The Chrome browser extension for Cisco Systems WebEx communications and collaboration service was just updated to fix a vulnerability that leaves all 20 million users susceptible to drive-by attacks that can be carried out by just about any website they visit.
Distributed denial-of-service (DDoS) attacks are becoming more frequent and complex, forcing businesses to deploy purpose-built DDoS protection solutions, according to a new infrastructure security report which warns that the threat landscape has been transformed by the emergence of Internet of Things (IoT) botnets.
The annual worldwide infrastructure security report from Arbor Networks - the security division of NETSCOUT - reveals that the largest distributed denial-of-service (DDoS) attack reported in 2016 was 800 Gbps, a 60% increase over 2015’s largest attack of 500 Gbps.
The center of innovation in business software has shifted toward users in the corporate world, according to Jim Whitehurst, CEO of open-source software pioneer Red Hat Inc. “If you look at so much that is happening in open source software, it is users driving more innovation than vendors,” Mr. Whitehurst told CIO Journal.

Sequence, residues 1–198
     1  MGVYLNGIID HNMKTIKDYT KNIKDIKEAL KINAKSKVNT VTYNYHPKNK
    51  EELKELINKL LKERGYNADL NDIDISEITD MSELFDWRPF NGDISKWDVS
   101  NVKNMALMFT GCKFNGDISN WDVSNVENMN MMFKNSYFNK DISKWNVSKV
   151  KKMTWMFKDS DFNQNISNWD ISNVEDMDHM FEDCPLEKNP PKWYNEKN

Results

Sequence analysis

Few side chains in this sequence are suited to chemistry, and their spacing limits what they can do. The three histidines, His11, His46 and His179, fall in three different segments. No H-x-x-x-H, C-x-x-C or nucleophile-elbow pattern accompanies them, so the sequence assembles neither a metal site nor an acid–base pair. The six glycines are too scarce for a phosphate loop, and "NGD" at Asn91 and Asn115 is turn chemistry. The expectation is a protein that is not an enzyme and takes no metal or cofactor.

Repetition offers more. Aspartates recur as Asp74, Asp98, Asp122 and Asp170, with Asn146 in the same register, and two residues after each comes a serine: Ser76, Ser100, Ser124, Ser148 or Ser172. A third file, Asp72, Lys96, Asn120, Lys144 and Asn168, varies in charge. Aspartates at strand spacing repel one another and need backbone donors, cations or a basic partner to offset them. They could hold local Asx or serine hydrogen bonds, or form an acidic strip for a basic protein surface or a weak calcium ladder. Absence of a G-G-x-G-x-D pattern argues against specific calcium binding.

Last week marked the debut of the NVIDIA 378.09 Linux driver beta. While the release notes didn't mention any widespread performance improvements, an individual or two at least in the forums seemed to think it did and have already been inquiring why I wasn't yet using this new (beta) driver in my Linux benchmarks. Anyhow, here are some 375 vs. 378 Linux driver tests.
With there now being an ArrayFire test profile for the Phoronix Test Suite / OpenBenchmarking.org, it was a breeze to test 13 different NVIDIA GeForce graphics cards on the 300+ ArrayFire OpenCL GPU compute tests.
I just wrapped up some NVIDIA GeForce 700/900/1000 (Kepler/Maxwell/Pascal) graphics cards tests using this new ArrayFire test profile, to complement our many existing OpenCL/CUDA test profiles available via the Phoronix Test Suite.
Today, the Cloud Native Computing Foundation’s (CNCF) Technical Oversight Committee (TOC) voted to accept Linkerd as the fifth hosted project alongside Kubernetes, Prometheus, OpenTracing and Fluentd. You can find more information on the project on their GitHub page.
As with every project accepted by the CNCF -- and by extension, The Linux Foundation -- Linkerd is another great example of how open source technologies, both new and more established, are driving and participating in the transformation of enterprise IT.